Background: Politicians, societies, stakeholders, health care systems, patients, their relatives, their employers, and the general population need to know what they can expect from clinical psychologists. Even more, for our self-definition as a professional group, we should share a common understanding of the competence profile that characterises our qualifications. This understanding of the competence profile of clinical psychology leads directly to the content that should be taught in university curricula and postgraduate trainings for clinical psychology. The following discussion paper attempts to offer a general European framework for defining the competence profile of clinical psychologists.
Method: A group of European specialists developed this discussion paper under the umbrella of the European Association of Clinical Psychology and Psychological Treatment (EACLIPT). Representatives with different treatment orientations, of basic science and clinical applications, and from East to Western European countries, were part of the group.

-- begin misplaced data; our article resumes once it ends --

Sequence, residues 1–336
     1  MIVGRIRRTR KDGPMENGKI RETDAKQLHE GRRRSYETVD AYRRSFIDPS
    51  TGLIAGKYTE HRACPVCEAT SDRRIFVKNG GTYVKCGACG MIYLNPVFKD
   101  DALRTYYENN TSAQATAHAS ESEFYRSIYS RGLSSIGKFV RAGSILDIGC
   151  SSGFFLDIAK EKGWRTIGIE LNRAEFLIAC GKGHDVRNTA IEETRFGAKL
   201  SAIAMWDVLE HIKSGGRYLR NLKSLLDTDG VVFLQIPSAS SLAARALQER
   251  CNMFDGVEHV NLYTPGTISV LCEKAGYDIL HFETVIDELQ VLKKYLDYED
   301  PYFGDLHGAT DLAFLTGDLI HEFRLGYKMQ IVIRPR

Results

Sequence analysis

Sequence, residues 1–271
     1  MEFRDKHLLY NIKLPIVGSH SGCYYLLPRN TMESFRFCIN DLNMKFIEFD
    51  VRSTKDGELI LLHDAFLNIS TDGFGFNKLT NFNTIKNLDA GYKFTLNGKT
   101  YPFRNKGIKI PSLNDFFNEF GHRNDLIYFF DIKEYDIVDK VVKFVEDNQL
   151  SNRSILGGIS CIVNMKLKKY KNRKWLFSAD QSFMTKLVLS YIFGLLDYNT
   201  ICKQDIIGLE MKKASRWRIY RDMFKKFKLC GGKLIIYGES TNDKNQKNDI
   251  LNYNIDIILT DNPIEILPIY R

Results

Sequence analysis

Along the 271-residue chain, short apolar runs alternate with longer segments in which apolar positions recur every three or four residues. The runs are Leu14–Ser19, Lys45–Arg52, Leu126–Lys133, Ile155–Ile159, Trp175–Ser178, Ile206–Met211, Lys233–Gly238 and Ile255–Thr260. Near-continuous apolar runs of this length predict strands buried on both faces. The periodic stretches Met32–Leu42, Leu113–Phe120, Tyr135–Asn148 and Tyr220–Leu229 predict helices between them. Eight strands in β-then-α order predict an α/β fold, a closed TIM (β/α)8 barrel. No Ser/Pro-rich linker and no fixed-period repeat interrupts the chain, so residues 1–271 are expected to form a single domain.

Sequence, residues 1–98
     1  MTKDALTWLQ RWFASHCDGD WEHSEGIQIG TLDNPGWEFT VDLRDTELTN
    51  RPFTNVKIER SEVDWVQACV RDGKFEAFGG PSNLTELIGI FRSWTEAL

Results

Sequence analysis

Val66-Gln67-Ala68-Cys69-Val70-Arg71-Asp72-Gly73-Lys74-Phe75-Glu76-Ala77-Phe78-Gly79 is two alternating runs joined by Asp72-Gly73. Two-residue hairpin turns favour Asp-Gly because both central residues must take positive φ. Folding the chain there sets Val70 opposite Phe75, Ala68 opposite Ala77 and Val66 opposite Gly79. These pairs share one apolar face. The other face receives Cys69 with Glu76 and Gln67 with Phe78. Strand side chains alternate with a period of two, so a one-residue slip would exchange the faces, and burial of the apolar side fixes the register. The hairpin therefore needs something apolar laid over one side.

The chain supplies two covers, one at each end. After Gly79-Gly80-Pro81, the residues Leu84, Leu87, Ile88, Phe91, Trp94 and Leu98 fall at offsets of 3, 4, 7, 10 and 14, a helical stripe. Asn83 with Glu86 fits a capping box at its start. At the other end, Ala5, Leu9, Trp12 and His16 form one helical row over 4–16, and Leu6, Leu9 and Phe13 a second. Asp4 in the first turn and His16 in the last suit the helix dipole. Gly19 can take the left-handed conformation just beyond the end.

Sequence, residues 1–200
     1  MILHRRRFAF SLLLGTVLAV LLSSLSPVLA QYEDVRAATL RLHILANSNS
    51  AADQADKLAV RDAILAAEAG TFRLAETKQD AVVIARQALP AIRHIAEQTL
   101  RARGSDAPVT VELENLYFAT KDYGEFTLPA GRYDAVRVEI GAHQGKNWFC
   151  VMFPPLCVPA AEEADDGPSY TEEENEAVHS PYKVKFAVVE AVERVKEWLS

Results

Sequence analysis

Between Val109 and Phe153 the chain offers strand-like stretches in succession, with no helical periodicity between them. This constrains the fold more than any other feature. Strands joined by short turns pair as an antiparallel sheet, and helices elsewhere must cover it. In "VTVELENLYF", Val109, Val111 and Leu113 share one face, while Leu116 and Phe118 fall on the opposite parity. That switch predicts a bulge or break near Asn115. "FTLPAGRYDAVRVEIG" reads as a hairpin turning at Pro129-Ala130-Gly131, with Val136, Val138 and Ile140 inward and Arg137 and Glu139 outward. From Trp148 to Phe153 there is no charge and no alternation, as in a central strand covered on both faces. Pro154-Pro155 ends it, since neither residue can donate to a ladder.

Results: We present a list of competences that should be acquired during regular studies of psychology with a clinical specialisation. Additionally, further competences should be acquired either during studying, or during postgraduate trainings.
Conclusion: Clinical psychologists are experts in mental and behavioural disorders, their underlying psychological, social and neurobiological processes, corresponding assessments/diagnostic tools, and evidence-based psychological treatments. While we provide a list with all competences of clinical psychologists, we do not consider this proposal as a final list of criteria, but rather as a living discussion paper that could be updated regularly. Therefore, we invite our colleagues to contribute to this discussion, and to submit comments via email to the corresponding author.